Los Angeles (AFP) – When the United States take to the field to face Cuba at Havana’s Estadio Pedro Marrero on Friday, it will mark another step on the road towards normalization of relations between the former foes.

In July last year, Cuba and the United States brought more than half a century of enmity to an end when they restored diplomatic ties which had been cut in 1961 at the height of the Cold War. 

A month earlier, the blossoming mood of rapprochement was given a sprinkling of goodwill when a New York Cosmos team including Brazilian legend Pele in their delegation traveled to Havana to face Cuba in a friendly. 

It highlighted the role sport has played to thaw hitherto chilly relations between the two nations, a strategic tool the United States has made use of repeatedly for decades. 

As far back as 1934, a team of US baseball all-stars led by Babe Ruth was embarking on a goodwill tour of Japan in a visit the trip’s sponsors hoped would lead to a reduction in tensions between the two powers. 

The effect of that trip was limited however. No diplomatic breakthrough resulted and seven years later the two countries were locked in a bloody war. 

A more successful outcome followed the most famous example of sport being used to build bridges — the “ping-pong diplomacy” exchanges between China and the United States in the 1970s which yielded a tangible improvement in Sino-US relations. 

Until the US squad of table tennis players and journalists arrived in China in April 1971, no US team had visited the country since the ruling Communist Party took power in 1949. 

Two months after that landmark visit, the United States lifted its embargo against China. 

In February 1972, President Nixon paid a historic visit to China, meeting Chairman Mao Zedong and ending 25 years of separation in a tour the US leader dubbed as “the week that changed the world.” 

– Mutual desire –

Derek Shearer, former US Ambassador to Finland during the Clinton Administration and professor of Diplomacy and World Affairs at Occidental College in Los Angeles, notes however that the success of ping-pong diplomacy hinged on its ability to tap into a mutual desire between the two countries to build relations.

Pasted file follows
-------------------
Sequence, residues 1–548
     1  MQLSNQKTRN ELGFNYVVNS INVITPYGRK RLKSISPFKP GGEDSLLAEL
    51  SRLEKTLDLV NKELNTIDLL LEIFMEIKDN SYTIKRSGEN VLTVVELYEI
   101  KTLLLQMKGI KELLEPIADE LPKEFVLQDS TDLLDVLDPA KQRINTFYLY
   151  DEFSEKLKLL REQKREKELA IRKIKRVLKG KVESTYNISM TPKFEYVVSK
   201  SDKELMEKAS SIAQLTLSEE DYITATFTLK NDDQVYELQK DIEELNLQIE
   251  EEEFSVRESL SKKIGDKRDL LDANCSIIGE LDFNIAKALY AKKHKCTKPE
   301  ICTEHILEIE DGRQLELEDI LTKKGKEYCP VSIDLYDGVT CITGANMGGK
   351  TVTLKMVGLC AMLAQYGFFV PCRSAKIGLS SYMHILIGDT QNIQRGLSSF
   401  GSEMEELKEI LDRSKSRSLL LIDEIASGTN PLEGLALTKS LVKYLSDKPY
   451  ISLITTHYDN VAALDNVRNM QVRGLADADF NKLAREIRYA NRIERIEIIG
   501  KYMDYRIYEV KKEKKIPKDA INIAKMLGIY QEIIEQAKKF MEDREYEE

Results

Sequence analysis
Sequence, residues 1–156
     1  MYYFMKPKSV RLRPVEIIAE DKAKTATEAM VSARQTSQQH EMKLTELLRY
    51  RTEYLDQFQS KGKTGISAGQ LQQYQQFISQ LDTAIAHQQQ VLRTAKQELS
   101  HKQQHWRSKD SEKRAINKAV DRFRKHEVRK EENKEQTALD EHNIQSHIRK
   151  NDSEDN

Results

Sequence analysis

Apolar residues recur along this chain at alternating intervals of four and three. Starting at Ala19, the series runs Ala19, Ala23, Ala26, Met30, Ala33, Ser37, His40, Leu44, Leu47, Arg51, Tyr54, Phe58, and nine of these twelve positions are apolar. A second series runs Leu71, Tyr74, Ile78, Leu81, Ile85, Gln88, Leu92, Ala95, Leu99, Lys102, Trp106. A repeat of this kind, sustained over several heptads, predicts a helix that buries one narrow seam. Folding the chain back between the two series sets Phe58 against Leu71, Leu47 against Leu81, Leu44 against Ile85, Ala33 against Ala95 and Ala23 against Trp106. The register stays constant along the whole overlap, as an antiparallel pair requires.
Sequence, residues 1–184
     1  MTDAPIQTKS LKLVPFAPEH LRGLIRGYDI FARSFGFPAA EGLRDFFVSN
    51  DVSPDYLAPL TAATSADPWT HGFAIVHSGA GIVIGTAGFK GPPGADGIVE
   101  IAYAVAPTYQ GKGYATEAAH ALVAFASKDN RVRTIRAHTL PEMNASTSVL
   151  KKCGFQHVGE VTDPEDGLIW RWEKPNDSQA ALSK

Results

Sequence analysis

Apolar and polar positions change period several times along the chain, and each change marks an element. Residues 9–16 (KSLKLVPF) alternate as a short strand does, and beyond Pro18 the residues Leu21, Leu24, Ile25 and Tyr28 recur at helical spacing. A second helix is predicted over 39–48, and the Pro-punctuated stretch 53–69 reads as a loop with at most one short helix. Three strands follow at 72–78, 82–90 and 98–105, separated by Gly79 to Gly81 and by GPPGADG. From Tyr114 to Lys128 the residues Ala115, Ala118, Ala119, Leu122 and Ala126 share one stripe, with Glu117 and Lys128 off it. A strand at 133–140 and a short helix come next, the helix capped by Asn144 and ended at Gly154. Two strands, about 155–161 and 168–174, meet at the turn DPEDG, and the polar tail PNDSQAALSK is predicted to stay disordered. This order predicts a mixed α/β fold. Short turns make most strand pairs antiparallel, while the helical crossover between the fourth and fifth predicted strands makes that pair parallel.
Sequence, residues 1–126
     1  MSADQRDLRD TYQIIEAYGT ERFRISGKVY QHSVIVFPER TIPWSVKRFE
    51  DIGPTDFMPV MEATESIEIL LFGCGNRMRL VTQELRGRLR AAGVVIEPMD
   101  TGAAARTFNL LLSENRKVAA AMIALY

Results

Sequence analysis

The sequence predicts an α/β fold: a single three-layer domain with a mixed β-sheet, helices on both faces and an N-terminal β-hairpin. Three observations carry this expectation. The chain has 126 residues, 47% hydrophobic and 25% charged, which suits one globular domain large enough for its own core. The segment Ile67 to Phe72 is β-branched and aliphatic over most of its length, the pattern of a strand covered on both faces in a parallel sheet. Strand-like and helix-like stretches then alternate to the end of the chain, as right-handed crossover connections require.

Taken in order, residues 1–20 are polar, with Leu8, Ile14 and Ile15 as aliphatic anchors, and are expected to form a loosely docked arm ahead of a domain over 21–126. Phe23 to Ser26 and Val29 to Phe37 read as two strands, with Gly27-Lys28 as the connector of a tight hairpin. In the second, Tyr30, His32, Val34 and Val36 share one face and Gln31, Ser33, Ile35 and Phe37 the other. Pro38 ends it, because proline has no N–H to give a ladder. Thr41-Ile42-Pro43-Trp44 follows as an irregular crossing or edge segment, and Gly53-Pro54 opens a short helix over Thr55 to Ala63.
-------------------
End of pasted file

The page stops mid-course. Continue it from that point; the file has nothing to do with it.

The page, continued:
“What was important about ping-pong diplomacy is that if you’re trying to resolve a very difficult diplomatic issue like normalizing relations between two countries, other things have to be going in the right direction so that sports diplomacy fits into that,” Shearer told AFP. 

“(Chinese Premier) Zhou Enlai wanted to get out from under the Cultural Revolution and seized the opportunity to invite the American ping-pong team to China — and the State Department people were smart enough to accept. 

“It was clearly Zhou, with Mao’s support, saying ‘We want to normalize relations with the US’. And that of course made it then easier for Nixon when he came.” 

Other initiatives have met with less concrete results. 

Baseball diplomacy between Cuba and the United States has been tried sporadically throughout the years, with a delegation of Houston Astros coaches and players visiting Cuba in 1977. 

In 1999 the Baltimore Orioles played a game in Havana, but there was to be no major diplomatic breakthrough. 

The Clinton Administration also sought to improve links with Iran during the 1990s, sending a team of US wrestlers to compete in a tournament in Tehran in February 1999. 

Even if relations between Iran and the United States remain tense, Shearer believes that “having these kinds of sporting events is a good thing in and of themselves.” 

“Anytime you can engage over sports it’s way better than having a shooting war,” said Shearer, who argues that while sport “doesn’t substitute for traditional diplomacy and smart use of hard power it can be a virtuous form of soft power.”